My Dying Bride, ‘Feel the Misery’ – Album Review

My Dying Bride - Feel The MiseryPeaceville Records

When it comes to doom and gloom, few do it better than the melancholy masters of My Dying Bride. Their latest album Feel The Misery lives up to its title, and in a good way.

The disc features the return of guitarist Calvin Robertshaw, who was in the band previously from 1990 to 1999 and appeared on classic albums like As the Flower Withers, Turn Loose the Swans and The Angel and the Dark River.

Feel The Misery gets off to a dynamic start with “And My Father Left Forever.” It moves along at a brisk tempo with heavy riffs and emotional melodic baritone vocals from Aaron Stainthorpe. Things slow down in the middle as the mournful chorus is delivered, then slowly builds back up.

The next track “To Shiver In Empty Halls’ is a stark vocal contrast, with Stainthorpe delivering ominous death metal growls along with melodic singing. The whole album has an effective ebb and flow in tempo and texture. Subtle shifts in guitar tone and the addition of atmospherics and violin parts give the record a lot of depth.

My Dying Bride balance heavier doom/death elements on the album, hearkening back to their ‘90s heydey, along with somber gothic sections. “A Cold New Curse” features symphonic parts and a thundering performance from drummer Dan Mullins.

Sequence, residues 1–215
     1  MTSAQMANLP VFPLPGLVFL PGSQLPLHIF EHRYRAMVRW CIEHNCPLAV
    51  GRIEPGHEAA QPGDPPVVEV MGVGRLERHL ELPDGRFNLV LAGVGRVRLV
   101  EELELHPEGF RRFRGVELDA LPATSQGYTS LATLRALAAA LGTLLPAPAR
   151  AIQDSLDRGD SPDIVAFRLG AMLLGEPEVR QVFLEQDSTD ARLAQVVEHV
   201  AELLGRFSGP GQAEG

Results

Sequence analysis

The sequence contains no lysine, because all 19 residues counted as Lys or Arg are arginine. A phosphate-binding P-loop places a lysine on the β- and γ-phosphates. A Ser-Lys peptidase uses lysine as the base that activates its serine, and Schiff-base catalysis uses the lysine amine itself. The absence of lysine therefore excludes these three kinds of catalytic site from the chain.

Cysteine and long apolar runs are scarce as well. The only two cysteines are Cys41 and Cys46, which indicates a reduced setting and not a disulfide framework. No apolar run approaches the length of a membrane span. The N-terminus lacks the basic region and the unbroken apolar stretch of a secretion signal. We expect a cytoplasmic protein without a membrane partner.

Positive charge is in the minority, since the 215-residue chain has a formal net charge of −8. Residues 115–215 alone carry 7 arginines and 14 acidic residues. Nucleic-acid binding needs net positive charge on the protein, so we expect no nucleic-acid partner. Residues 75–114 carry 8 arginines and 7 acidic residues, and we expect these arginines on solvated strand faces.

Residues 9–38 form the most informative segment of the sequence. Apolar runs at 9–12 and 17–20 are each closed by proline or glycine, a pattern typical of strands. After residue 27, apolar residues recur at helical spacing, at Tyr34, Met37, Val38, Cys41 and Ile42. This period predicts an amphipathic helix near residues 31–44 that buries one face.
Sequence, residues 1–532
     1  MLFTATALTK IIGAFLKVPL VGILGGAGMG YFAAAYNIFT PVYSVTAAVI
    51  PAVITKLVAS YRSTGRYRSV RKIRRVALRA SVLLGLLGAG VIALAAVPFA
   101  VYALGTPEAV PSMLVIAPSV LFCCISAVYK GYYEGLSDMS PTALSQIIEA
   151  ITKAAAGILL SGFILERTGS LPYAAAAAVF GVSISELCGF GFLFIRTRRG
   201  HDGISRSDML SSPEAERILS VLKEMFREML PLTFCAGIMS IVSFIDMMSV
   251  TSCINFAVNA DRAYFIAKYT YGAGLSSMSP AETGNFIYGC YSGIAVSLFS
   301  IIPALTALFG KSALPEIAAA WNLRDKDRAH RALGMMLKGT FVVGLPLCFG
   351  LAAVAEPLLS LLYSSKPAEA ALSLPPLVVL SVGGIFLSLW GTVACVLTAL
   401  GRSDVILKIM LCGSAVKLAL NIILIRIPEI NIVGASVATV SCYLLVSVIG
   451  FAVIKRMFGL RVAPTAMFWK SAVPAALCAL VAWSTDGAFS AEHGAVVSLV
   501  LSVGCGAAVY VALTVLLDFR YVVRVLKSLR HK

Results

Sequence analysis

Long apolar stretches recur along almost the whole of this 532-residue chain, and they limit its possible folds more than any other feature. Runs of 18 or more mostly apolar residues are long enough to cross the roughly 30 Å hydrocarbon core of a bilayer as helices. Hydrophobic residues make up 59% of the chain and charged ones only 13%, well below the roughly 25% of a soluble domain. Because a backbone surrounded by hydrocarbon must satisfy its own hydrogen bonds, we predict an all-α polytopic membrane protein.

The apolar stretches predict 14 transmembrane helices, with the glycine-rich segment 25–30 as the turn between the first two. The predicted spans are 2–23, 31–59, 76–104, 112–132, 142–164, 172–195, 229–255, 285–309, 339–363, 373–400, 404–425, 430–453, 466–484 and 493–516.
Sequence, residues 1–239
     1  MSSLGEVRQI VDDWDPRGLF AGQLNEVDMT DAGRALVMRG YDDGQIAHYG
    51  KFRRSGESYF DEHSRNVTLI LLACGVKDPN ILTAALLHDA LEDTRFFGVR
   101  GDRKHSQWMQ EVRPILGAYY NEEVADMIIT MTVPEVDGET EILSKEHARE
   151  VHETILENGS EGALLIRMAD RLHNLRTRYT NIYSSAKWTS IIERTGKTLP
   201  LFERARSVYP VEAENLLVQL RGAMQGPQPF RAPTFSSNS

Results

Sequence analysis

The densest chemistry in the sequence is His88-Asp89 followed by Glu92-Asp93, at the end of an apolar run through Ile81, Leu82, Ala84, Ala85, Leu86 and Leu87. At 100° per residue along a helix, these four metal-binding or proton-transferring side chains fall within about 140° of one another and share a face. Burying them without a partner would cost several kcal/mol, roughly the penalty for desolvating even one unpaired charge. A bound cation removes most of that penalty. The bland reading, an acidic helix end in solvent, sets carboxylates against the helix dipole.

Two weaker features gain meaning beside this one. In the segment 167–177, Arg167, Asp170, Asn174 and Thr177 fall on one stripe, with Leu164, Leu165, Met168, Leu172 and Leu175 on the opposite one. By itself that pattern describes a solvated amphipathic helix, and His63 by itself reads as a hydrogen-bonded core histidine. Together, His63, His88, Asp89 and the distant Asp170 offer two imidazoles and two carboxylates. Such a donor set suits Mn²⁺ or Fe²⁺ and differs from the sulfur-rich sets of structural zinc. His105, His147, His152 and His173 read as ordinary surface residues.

As to the lyrical theme of the album, the band describes it this way: “The crushing of hearts and the solemn farewells to friends and lovers twinned with the destruction of flesh and the passions of cruelty are laid neatly for the listener to devour and savor.” It’s a description that matches the vibe of the album: theatrical and thoughtful without going over the top.

That vibe is captured well in the nearly 11 minute closing song “Within a Sleeping Forest.” An airy beginning gives way to a darker middle, eases up a bit, and then closes on a powerful crescendo.

The band doesn’t stray far from their comfort zone on the album, and that works very well for them. It’s a pretty big zone anyway, with plenty of room to maneuver. The diverse songs are exquisitely arranged, and with repeat listens, something new emerges on each epic track.

Feel The Misery is a consistent album, as well. There isn’t a dud in the bunch. The consistent quality helps MDB keep that emotional engagement with the listener from beginning to end. You find yourself being sucked into their vortex of sadness, and don’t mind wallowing in that misery for the duration of the album.

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